Cash still rules despite continued rise of 'tap and go' payments

Cash is still king but its crown is slipping, figures from a trade association show.

The number of cash payments fell by 11% between 2015 and 2016, according to UK Finance.

But cash remains the most frequently-used payment method in the UK, it said, with consumers and businesses still making 15.4 billion cash payments in 2016.

Cash represented 44% of all payments made by consumers in 2016 and less than 4% of the volume of payments made by businesses.

2016 was the second year during which consumers used cash for less than half of payments, while the number of cash payments made for less than £1 has halved during the past decade, UK Finance said.

Debit cards were the second most frequently-used payment method, with 11.6 billion payments recorded.

The average value of a cash payment has increased over the last 10 years from £11.58 in 2006 to £15.80 in 2016.

UK Finance said this is due to both inflation and changing consumer preferences.

Contactless "tap and go" card payments have become an increasingly popular alternative to cash when people are paying for low-value items.

Some 2.9 million people rarely used cash in 2016, representing 6% of the UK's adult population, UK Finance said.

People in younger age groups are more likely to be rare cash users, with more than one in 10 of those aged 25 to 34 making one cash payment each month or no cash payments at all.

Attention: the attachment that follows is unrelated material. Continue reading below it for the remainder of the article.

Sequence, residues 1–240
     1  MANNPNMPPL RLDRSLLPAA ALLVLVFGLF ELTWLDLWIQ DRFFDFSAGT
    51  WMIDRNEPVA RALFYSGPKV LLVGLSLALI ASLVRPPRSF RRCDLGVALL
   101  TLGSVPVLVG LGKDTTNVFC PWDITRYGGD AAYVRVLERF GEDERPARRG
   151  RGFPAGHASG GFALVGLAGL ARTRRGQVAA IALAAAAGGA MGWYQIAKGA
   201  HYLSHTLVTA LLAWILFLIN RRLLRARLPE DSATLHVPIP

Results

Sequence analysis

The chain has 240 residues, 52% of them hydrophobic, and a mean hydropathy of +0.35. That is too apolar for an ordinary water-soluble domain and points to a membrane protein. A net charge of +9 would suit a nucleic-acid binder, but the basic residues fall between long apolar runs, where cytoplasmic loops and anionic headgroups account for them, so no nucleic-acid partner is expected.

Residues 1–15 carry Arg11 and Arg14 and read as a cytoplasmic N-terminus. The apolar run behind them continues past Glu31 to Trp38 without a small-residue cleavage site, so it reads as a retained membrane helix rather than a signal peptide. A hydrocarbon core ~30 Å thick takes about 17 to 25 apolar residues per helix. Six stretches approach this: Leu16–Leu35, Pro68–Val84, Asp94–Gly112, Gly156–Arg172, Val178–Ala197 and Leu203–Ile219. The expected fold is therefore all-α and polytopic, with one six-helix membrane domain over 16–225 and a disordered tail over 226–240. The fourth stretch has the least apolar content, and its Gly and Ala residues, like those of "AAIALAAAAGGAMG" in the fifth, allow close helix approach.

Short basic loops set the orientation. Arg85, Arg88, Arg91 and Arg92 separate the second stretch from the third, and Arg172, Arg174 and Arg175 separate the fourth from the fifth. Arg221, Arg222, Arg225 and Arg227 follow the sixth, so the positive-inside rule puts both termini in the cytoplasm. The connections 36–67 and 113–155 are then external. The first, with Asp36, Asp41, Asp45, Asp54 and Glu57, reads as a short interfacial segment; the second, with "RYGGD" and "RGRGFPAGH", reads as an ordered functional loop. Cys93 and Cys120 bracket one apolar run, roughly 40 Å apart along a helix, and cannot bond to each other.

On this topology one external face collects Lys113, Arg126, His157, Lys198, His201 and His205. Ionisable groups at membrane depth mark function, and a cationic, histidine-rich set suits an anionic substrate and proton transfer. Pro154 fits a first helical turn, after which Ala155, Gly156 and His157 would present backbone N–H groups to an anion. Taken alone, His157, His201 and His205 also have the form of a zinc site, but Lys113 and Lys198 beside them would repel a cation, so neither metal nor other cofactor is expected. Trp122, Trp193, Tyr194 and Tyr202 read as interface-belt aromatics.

At the other end of the scale, there were 2.7 million consumers, amounting to 5% of the adult population, who relied almost entirely on cash to make their day-to-day payments during 2016.

These people were relatively evenly-spread across different age groups, with people on lower household incomes being far more likely to rely mainly on cash. More than half of all consumers who relied mainly on cash during 2016 had total household incomes of less than £15,000 per year.

During the next decade the number of cash payments is forecast to fall by 43% to 8.7 billion payments.

Adrian Buckle, chief economist at UK Finance, said: "It is clear that over the past few years we have witnessed a significant shift away from cash use in this country with contactless cards undoubtedly causing a decrease in the use of notes and coins.

"However we don't believe that the UK is on the verge of becoming cashless, as some reports have claimed. People will always want to choose the payment methods that best suits them and, for the foreseeable future, in lots of cases that will continue to be cash."

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